The ruru (morepork, Ninox novae-zelandiae) is not an animal we normally associate with repo – wetlands. We are more likely to hear their haunting calls coming from forested areas. Today, ruru live in densely forested areas, feeding on insects such as the pūriri moth and small birds and mammals, but it was not always this way.
Repo often peal (ring loudly) with the sounds of bird calls – about 30% of birds in Aotearoa are found in wetlands. It wasn’t the voice of the ruru that led kairangahau Māori to connect ruru to repo though – it was the voice of whānau. Kōrero with whānau and tribal members in the lower Waikato rohe led to the connection between ruru and the tall trees and dense scrub that sometimes surround wetlands.
Repo are part of larger systems such as forests, and many of these systems disappeared when land was converted to other uses. Large trees such as rimu, mataī, kauri and kahikatea that bordered swamps were felled. Ruru lost their wetland habitats and were forced to find new places to live. As a result, ruru have adapted to life in exotic trees such as macrocarpa, pine and gum.
Mātauranga Māori – the knowledge gained through generations of observation – links ruru with the repo. Kōrero shared by whānau told of te reo o te repo – the voice of the wetland – that once included the night-time calls of the ruru. A key food source for ruru is pūriri moths. The moths thrive in trees such as mānuka and putaputawētā that grow in moist or boggy wetland edges. There are other food sources that are also connected to repo – tauhou (silvereye or waxeye), pekapeka (bats) and insects.
Ruru whakapapa to repo as well as dry land ecosystems. Like tangata whenua, ruru do not separate freshwater, repo and whenua – it is all connected.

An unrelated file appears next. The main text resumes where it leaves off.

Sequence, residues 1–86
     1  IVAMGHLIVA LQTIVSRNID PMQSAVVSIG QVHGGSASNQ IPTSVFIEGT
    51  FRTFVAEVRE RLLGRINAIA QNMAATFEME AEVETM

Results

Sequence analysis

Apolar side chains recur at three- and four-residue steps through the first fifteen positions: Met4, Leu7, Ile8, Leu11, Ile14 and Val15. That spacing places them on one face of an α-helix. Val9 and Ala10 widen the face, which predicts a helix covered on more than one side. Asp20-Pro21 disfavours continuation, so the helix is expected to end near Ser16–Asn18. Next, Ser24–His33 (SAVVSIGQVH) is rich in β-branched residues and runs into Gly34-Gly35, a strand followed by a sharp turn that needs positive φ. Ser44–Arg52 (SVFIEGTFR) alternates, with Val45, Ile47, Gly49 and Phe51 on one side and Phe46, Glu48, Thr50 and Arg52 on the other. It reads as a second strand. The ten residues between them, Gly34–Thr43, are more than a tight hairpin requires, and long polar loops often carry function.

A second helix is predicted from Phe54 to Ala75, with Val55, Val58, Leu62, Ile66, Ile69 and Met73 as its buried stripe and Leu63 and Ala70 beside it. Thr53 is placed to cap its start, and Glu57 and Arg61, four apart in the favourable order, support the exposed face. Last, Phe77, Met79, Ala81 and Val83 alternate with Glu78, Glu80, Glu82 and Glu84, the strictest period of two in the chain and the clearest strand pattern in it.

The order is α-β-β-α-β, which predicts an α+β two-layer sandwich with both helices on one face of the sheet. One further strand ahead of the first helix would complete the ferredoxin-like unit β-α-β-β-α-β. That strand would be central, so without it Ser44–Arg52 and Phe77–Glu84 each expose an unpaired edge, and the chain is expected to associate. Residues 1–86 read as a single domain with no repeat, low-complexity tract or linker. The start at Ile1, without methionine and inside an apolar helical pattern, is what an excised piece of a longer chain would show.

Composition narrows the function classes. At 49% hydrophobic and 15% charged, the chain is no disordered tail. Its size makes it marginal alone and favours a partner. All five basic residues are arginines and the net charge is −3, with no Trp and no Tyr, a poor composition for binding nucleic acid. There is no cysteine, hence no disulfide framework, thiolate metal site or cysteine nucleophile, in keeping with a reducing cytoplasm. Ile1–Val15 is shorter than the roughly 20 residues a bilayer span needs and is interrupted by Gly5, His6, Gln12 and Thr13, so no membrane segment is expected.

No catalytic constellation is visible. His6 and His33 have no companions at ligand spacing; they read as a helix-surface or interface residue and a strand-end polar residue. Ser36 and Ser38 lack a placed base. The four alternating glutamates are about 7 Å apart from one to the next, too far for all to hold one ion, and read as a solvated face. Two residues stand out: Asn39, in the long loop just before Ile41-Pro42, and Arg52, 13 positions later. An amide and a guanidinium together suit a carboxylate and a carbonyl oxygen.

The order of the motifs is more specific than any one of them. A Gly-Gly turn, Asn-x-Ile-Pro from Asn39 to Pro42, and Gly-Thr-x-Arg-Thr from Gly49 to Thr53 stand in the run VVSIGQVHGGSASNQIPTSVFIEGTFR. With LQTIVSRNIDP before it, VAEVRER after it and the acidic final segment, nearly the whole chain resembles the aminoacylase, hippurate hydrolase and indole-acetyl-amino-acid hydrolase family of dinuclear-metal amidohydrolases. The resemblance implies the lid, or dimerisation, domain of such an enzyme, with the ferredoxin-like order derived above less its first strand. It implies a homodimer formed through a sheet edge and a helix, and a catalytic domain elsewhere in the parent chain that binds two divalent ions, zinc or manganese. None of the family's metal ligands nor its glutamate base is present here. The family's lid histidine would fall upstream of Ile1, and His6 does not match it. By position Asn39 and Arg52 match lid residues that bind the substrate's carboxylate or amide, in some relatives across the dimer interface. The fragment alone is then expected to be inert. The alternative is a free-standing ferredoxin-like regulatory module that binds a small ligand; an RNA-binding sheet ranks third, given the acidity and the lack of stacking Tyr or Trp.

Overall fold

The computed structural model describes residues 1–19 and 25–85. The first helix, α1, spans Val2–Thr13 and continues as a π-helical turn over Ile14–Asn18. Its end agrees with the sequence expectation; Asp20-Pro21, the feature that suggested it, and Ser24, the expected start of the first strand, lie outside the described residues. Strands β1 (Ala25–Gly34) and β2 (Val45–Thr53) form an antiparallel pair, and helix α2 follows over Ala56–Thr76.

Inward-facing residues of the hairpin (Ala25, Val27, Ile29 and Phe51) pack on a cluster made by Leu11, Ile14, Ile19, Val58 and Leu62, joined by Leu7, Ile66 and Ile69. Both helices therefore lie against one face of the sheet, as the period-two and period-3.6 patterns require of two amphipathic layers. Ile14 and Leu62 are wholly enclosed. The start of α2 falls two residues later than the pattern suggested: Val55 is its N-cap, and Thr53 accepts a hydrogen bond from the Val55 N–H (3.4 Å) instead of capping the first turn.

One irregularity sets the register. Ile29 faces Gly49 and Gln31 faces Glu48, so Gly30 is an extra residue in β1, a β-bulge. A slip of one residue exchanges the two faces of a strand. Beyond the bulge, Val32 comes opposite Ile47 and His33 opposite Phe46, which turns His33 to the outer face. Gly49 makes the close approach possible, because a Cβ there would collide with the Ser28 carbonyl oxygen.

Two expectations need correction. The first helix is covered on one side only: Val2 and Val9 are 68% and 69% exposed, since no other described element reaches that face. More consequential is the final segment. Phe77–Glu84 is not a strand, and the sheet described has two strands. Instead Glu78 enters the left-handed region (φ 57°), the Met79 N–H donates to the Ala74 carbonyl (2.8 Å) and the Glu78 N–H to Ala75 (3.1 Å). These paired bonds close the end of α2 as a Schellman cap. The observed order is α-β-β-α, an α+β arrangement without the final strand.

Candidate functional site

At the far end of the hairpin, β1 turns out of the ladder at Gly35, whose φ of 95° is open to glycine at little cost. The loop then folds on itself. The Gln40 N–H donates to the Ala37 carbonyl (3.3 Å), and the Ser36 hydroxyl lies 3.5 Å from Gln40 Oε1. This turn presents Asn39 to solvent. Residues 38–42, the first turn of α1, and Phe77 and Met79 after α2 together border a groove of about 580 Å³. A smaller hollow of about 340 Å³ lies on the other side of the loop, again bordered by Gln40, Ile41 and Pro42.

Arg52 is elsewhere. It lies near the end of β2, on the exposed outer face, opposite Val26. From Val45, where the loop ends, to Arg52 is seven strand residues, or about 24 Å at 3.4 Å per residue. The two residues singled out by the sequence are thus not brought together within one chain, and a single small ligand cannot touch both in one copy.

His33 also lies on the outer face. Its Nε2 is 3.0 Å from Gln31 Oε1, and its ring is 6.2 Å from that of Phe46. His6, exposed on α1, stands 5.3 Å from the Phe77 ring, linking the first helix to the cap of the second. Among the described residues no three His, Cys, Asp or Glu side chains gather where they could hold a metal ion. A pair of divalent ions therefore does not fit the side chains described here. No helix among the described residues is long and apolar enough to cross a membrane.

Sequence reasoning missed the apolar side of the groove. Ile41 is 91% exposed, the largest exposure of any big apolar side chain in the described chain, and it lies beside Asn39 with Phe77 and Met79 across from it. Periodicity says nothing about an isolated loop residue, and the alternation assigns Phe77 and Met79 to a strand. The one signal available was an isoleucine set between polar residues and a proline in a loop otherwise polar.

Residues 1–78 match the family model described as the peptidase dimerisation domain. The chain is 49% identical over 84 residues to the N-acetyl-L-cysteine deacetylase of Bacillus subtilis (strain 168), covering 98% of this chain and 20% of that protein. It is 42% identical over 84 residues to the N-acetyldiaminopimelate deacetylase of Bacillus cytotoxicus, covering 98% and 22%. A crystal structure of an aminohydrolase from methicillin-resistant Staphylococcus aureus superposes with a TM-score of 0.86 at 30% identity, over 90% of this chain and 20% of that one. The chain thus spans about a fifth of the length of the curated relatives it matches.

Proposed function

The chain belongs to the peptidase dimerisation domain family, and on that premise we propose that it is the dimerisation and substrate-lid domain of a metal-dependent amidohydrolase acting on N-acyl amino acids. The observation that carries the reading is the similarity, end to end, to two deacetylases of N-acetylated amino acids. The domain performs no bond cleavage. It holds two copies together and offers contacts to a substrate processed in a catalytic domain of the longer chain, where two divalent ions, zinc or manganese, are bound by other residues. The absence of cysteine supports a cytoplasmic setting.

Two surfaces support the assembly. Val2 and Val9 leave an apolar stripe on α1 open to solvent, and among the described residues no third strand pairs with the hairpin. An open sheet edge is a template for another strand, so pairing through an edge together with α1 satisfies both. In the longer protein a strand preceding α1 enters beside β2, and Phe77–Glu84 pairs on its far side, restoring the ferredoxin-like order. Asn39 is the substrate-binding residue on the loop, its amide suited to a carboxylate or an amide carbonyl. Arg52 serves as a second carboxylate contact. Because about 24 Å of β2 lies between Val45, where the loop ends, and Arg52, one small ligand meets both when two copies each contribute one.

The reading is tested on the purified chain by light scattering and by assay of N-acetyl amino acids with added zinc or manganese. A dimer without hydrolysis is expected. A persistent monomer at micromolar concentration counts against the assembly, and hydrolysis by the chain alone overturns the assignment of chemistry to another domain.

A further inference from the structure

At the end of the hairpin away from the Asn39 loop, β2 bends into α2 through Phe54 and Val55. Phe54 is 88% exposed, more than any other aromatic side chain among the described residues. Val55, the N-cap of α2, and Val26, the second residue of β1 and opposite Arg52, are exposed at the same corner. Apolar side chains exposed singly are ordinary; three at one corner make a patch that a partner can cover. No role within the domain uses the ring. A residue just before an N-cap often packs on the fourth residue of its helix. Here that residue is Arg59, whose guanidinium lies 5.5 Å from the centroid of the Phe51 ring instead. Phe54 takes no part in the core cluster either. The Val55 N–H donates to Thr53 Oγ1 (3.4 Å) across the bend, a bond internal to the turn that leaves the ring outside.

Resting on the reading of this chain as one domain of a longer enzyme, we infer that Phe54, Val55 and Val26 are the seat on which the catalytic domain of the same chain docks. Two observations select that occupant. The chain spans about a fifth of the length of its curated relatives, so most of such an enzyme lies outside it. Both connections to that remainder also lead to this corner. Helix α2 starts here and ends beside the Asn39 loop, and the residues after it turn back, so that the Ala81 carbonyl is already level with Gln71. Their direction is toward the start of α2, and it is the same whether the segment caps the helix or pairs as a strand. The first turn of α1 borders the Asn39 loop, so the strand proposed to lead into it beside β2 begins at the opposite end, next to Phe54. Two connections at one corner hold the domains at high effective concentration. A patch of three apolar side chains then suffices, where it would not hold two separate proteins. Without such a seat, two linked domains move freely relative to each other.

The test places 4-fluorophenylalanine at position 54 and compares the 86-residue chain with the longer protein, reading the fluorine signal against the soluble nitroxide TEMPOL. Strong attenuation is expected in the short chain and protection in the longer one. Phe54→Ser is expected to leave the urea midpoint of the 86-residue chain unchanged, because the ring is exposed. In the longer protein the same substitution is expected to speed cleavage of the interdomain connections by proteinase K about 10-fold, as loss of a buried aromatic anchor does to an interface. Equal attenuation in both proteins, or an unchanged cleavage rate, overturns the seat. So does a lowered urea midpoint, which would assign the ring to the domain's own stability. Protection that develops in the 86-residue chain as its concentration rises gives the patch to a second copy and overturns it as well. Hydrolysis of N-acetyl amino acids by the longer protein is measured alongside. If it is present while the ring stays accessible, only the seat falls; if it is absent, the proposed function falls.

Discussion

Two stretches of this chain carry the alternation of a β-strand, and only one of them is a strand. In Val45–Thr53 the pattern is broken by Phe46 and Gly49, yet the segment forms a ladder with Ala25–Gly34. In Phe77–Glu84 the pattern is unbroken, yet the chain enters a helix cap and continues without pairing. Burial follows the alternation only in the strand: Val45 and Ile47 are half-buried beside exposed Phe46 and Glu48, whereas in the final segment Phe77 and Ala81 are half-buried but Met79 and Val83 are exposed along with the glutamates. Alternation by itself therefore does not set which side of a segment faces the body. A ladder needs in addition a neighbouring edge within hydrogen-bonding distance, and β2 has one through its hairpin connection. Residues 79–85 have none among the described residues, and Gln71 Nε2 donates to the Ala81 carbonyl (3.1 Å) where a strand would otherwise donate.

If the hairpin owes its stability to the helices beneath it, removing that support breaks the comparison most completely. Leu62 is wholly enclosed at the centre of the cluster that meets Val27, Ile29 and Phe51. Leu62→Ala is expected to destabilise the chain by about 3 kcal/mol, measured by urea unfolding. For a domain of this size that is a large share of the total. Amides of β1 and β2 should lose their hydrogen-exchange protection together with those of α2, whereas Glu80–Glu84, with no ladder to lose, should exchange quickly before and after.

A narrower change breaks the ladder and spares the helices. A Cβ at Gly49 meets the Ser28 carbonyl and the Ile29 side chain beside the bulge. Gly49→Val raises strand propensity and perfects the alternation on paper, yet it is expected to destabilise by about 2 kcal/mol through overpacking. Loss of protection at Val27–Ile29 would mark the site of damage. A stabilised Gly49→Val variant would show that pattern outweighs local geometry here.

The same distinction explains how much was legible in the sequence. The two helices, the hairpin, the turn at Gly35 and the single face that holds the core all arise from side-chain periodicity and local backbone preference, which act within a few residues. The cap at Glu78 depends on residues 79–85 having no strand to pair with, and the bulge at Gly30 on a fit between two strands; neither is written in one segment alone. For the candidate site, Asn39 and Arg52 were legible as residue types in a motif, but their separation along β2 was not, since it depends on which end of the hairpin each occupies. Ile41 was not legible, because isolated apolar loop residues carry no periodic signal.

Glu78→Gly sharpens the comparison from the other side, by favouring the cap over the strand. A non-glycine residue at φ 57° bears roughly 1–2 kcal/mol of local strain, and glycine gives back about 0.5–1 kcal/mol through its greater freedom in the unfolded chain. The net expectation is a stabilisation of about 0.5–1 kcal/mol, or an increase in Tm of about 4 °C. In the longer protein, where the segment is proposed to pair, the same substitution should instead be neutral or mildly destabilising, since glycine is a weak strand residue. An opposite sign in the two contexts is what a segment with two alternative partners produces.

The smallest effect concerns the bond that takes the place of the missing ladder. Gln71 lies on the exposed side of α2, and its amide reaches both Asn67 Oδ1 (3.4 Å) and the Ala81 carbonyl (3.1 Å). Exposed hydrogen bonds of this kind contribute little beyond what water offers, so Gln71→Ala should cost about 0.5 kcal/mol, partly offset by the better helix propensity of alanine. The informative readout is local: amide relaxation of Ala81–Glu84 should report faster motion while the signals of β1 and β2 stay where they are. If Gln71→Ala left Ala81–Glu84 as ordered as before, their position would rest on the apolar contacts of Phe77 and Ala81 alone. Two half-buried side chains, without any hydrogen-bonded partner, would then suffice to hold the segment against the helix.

As with other native animals, ruru have inspired aspects of Māori culture, including:
- the sounds, rhythms and inflections made in waiata, karanga and reo
- graphical depictions of stories and histories in carvings, weavings and other art forms
- movements as seen in wero, mau rākau, kapa haka and poi.
In te ao Māori, ruru have roles as both messengers and as important kaitiaki. When planning a restoration project, consider ways to encourage them back to the repo.
Monitor large trees for roosting sites. Ruru now live in exotic trees, so find out if any birds live in them before removing exotics to plant native species. Consider leaving some of the old exotics in place – it can take a very long time for native trees to grow to the size needed for ruru to roost.
Consider using specific plants that attract insects that will increase the food sources for ruru. Find out which of these plants and trees also provide habitat for other wetland species such as matamata and longfin tuna.
If the wet area already has wetland forest remnant plants, continue to plant the edges to create a bigger habitat. The larger the habitat, the greater the potential for breeding and nesting.
Plan to keep pest animals under control. Cats, stoats, ferrets, possums and rats kill and eat adult ruru, chicks and eggs. Although ruru nest in tree cavities, they also nest among rocks and roots, and they sometimes forage at ground level, making them easy targets for predators.
Learn from mana whenua. Kōrero with whānau and kaumātua about plants that were once part of local repo and landscape. Make use of mātauranga about the repo and ruru. This information will not only enhance and protect the ruru, but also the mita and reo too!
Nature of science
Observations require interpretation and inference by scientists. When kairangahau Māori heard their whānau speak about hearing ruru in wetlands, they used their knowledge of wetland ecosystems to infer the connection between ruru and repo. Inference helps scientists make sense of observations and come up with possible explanations.
Cheri van Schravendijk-Goodman is passionate about ruru and repo. Find out about her work with these resources.
This article provides more in-depth information about ruru and repo: Ruru – he tangi na te ruru – conversations in the night by Rangi Mahuta (Waikato), Cheri van Schravendijk-Goodman (Te Atihaunui a Papārangi, Ngāti Apa, Ngāti Rangi) and Huriwai Paki (Ngāi Tuhoe)
Learn about ruru with these websites:
Thank you to the editors and contributors of Te Reo o Te Repo – The Voice of the Wetland for permission and support to adapt this publication, and funding from Manaaki Whenua – Landcare Research and MBIE’s Unlocking Curious Minds initiative.